Foam rolling, also known as self-myofascial release (SMR), is based on a hands-on technique therapists have been using for years. It is achieved by applying a low load, long duration dragging force across layers of soft tissue. After a period of time (between 90–120 sec. in most cases) the body will release the tissue and mobility between those sliding surfaces will be restored.
To make these changes on oneself, a foam roller can be used in place of a therapist’s hands. While the foam roller will never completely replace a therapist, it serves as a great daily alternative to help maintain the changes therapy has made.
Get the body moving
The key to replicating this is to have a program of foam rolling. As the body moves across the roller, blood flow can increase and may have an influence on some microscopic fibers between the muscles, skin and other tissue. This is a great way to either prepare the body for movement or to help the body recover.
Why don’t people move well?
This is an interesting question that’s not easily answered. Different theories include the sedentary culture we’ve created, computers, cell phones, stress, nutrition, dehydration, restrictive clothing, even air pollution—it could be a combination of all of these. The human body has 206 bones, more than 300 joints and approximately 650 muscles. This means the body is made to move. The capacity of human movement can be seen in dancers, gymnasts, and many other athletic feats that appear to defy normal limits.
The body is made to move. In fact, when we don’t move the body has a very fitting response—it adapts to what we ask it to do the most. This is one of the principles of specificity. The more one squats the better he gets at squatting), or for a lack of movement, the more one sits, the better he gets at sitting. In both cases the body is trying to be the best it can be for the dominant task. These small changes can become actual structural alterations over time.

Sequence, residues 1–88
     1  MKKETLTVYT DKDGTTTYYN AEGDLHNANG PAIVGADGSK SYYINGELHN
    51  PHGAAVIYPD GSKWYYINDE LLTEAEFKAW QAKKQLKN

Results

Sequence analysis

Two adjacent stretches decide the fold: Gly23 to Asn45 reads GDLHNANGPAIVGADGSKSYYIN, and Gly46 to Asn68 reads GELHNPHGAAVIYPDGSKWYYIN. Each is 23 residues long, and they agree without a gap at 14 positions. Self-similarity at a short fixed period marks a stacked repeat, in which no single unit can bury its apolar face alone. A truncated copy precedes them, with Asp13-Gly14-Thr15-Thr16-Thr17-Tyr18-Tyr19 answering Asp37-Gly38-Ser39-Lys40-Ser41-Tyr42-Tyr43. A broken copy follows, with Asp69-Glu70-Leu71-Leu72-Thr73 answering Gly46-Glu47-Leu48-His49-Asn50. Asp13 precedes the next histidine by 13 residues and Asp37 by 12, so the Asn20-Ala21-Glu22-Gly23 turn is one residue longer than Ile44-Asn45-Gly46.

The body’s ability will adapt to pressure, it’s called mechanotransduction. This basically means that if someone is sitting all day, every day, week after week, the areas that are compressed will actually grow little fibers around them, similar to scar tissue.
The alarming issue is not from one night, day or week, but from months or years of these patterns. Consider the typical average day:
7:00 a.m.—wake up (was sleeping in the fetal position)
7:02 a.m.—get coffee
7:20 a.m.—sit to eat breakfast
8:00 a.m.—sit to drive to work (average U.S. commute is 60 minutes)
9:00 a.m.—sit at work
12:00 p.m.—sit to eat lunch
1:00 p.m.—sit at work
5:00 p.m.—sit to drive home
7:00 p.m.—sit to eat dinner
8:00 p.m.—sit to watch The Bachelor
11:00 p.m.—go to sleep (in fetal position)
See the recurring pattern? We sit more than anything else.
Foam Rolling as Part of Training
Foam rolling can be a great solution. Foam rolling is a quick, simple and effective mobility work method that can be integrated before and after a personal training session, and typically takes less than five minutes.
Begin by identifying the area to be rolled. Then, apply body weight compression onto the roller. Roll through the muscle slowly, about an inch per second, until a tender spot is found. The spot can be something rated as a 6 to 8 on a pain scale of 1 to 10 (10 being most painful). Once found, hold pressure on the tender spot for 20 to 30 seconds or until the tenderness begins to reduce, then move to the next spot. It is recommended to identify up to two spots in each muscle group. Rolling can be repeated daily and followed with static stretching to help maximize the results.
For more information on getting your body moving, contact Best Fitness in your area.